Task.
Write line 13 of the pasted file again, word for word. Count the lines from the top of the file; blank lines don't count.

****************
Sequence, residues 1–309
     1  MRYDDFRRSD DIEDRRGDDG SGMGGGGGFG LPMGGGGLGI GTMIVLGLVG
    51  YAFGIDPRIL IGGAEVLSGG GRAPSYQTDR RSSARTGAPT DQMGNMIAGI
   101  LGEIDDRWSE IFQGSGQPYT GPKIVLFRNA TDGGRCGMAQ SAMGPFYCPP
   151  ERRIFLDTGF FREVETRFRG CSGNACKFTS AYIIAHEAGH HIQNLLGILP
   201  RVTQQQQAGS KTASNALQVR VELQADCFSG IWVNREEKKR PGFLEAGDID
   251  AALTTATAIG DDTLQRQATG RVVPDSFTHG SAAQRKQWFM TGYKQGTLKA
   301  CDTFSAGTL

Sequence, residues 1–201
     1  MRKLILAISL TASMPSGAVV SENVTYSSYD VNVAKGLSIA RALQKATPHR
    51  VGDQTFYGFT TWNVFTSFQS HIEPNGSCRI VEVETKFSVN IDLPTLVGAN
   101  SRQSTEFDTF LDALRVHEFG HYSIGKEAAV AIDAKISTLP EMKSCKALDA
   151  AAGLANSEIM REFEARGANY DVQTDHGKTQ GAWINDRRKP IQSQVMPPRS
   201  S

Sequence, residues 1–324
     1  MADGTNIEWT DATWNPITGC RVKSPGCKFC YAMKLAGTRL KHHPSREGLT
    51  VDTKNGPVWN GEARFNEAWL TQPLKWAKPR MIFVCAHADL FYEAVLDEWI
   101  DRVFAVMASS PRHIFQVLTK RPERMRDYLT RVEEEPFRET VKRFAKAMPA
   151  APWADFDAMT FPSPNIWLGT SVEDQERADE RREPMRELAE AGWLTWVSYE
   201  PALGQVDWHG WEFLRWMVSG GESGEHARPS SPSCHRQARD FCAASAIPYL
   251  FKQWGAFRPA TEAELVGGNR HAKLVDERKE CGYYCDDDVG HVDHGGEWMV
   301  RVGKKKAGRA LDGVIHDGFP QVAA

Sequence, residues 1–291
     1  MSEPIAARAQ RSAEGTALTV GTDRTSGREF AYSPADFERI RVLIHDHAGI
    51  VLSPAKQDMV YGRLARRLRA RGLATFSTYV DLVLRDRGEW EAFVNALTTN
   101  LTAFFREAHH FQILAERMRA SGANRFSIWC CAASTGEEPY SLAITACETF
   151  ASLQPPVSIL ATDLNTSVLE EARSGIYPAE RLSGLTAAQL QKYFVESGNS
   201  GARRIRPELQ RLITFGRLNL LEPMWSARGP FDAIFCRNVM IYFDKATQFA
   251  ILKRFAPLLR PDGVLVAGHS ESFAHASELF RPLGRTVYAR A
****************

   151  AAGLANSEIM REFEARGANY DVQTDHGKTQ GAWINDRRKP IQSQVMPPRS